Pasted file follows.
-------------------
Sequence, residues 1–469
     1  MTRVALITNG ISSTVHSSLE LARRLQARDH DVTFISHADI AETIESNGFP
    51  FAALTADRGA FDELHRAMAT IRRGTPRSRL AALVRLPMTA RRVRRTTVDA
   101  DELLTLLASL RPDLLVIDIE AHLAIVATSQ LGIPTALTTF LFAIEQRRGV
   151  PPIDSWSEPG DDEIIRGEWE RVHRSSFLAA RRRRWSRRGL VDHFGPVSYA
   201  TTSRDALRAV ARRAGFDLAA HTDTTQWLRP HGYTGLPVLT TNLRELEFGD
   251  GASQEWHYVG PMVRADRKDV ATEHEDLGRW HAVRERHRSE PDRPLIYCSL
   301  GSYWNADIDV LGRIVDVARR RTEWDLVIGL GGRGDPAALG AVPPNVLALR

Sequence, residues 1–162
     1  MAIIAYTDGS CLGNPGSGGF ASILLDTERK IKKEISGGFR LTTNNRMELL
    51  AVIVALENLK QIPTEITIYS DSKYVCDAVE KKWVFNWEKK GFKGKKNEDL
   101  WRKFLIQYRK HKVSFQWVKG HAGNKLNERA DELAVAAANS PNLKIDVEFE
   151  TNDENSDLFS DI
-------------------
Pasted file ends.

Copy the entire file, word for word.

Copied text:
Sequence, residues 1–469
     1  MTRVALITNG ISSTVHSSLE LARRLQARDH DVTFISHADI AETIESNGFP
    51  FAALTADRGA FDELHRAMAT IRRGTPRSRL AALVRLPMTA RRVRRTTVDA
   101  DELLTLLASL RPDLLVIDIE AHLAIVATSQ LGIPTALTTF LFAIEQRRGV
   151  PPIDSWSEPG DDEIIRGEWE RVHRSSFLAA RRRRWSRRGL VDHFGPVSYA
   201  TTSRDALRAV ARRAGFDLAA HTDTTQWLRP HGYTGLPVLT TNLRELEFGD
   251  GASQEWHYVG PMVRADRKDV ATEHEDLGRW HAVRERHRSE PDRPLIYCSL
   301  GSYWNADIDV LGRIVDVARR RTEWDLVIGL GGRGDPAALG AVPPNVLALR

Sequence, residues 1–162
     1  MAIIAYTDGS CLGNPGSGGF ASILLDTERK IKKEISGGFR LTTNNRMELL
    51  AVIVALENLK QIPTEITIYS DSKYVCDAVE KKWVFNWEKK GFKGKKNEDL
   101  WRKFLIQYRK HKVSFQWVKG HAGNKLNERA DELAVAAANS PNLKIDVEFE
   151  TNDENSDLFS DI